Today is Mother’s Day, my wife’s thirty-second birthday, and a week and a day since the eighth birthday of my fourth son. Let me tell you about the last of those three.
Of course, we had friends and family over in the evening to celebrate.
There were gifts and games also.
We ordered Pizza Hut and my wife Lauren made a cake.
Daniel wants to be a police officer when he grows up, so the theme of the day was law enforcement.
Lauren and I bought him a big LEGO police station to build.
His grandparents sent him an officer’s costume complete with hat, badge, nightstick, handcuffs, and revolver.
The cake was topped with a LEGO patrol car chasing a burglar – part of the police station set he had opened earlier in the day.
My favorite part of the day, however, was when just our immediate family was sitting down for a meal before our guests arrived. That is when we carried on what have developed into important birthday traditions in our household.
What’s In A Name?
While Lauren dished up the ravioli and salad Daniel had requested for lunch, I explained to the children where Daniel’s name had come from.
I told the kids about Daniel in the Old Testament, and how he could interpret dreams. And I told them about how he and the other three Hebrew youths in Babylonian captivity – Shadrach, Meshach, and Abednego – remained faithful to Yahweh their God despite pressures and temptations to compromise.
God blessed and protected Daniel and his three companions in their obedience. He saved them from the fiery furnace for refusing to bow to the golden statue of the king, and He shut the mouths of the lions Daniel was thrown to when Daniel violated an entrapping edict forbidding prayer to anyone but the king.
And both Daniel and Joseph in the Old Testament were persecuted.
One was sold into slavery by his own brothers, then thrown into prison on false accusations after successfully resisting his master’s wife’s come-hither invitations to lie with her.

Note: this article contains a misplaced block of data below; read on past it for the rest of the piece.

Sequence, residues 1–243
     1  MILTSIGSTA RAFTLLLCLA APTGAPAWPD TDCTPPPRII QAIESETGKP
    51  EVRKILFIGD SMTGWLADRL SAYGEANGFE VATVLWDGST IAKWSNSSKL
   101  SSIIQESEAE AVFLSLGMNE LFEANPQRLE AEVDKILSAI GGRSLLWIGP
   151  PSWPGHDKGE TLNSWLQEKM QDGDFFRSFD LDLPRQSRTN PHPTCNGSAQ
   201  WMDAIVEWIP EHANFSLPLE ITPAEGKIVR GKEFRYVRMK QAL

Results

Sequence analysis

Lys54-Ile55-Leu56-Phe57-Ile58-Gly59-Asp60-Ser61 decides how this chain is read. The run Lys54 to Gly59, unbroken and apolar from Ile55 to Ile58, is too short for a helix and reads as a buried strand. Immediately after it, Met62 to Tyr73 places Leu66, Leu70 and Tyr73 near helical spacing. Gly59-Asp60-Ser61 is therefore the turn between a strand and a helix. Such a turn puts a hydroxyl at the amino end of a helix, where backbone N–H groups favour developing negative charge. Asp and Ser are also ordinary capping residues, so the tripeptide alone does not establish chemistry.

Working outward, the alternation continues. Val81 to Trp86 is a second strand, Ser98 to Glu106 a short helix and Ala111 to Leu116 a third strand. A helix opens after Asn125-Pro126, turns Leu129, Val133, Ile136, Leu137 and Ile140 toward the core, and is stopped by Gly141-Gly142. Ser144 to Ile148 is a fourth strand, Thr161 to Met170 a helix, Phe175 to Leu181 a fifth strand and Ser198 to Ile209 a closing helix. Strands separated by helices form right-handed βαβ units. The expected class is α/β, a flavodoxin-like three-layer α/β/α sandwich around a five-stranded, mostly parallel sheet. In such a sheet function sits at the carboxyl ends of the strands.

The other was carried away into captivity in a foreign land, raised to serve the kingdom that had conquered his home.
Both men were plotted against by jealous others seeking their downfall.
Yet neither Daniel nor Joseph demonstrated any apparent bitterness or hardness of heart toward God or man. Instead they remained faithful to God, and were virtuous and steadfast in their treatment of those around them.
And not only did they persevere, but God richly blessed the faithfulness of these two men to the point that both became the most trusted servants to the most powerful men in the world in their days, second in power and authority only to kings and pharaohs.
My hope for my fourth son when we named him was that he would be similarly faithful and blessed.
The Day He Was Born
Next after I finished telling the children about Daniel’s name, my wife told the story of the day he was born.
Daniel had been late. He was 10-days past his due date. Lauren was feeling like this pregnancy would never end. It had been and still remains the most difficult pregnancy she has endured thus far.
Up until the day Daniel was born, Lauren had woke up crying every morning that she was still pregnant. She was just ready for it to be over.
The night before Daniel was born, Lauren drank a mixture of castor oil and root beer, having read this was a traditional means of getting labor started.
She has had zero interest in drinking root beer ever since.
Yet the result of this concoction was that Lauren went into labor the morning Daniel was born.